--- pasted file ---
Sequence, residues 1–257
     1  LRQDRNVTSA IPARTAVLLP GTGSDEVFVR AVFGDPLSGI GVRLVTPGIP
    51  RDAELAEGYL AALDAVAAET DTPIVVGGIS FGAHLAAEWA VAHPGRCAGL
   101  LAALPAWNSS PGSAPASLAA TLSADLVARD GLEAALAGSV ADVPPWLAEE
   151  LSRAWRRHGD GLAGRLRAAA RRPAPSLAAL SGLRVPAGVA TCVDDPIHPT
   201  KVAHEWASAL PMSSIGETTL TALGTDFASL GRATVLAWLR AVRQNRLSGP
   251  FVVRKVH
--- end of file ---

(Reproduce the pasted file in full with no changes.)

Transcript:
Sequence, residues 1–257
     1  LRQDRNVTSA IPARTAVLLP GTGSDEVFVR AVFGDPLSGI GVRLVTPGIP
    51  RDAELAEGYL AALDAVAAET DTPIVVGGIS FGAHLAAEWA VAHPGRCAGL
   101  LAALPAWNSS PGSAPASLAA TLSADLVARD GLEAALAGSV ADVPPWLAEE
   151  LSRAWRRHGD GLAGRLRAAA RRPAPSLAAL SGLRVPAGVA TCVDDPIHPT
   201  KVAHEWASAL PMSSIGETTL TALGTDFASL GRATVLAWLR AVRQNRLSGP
   251  FVVRKVH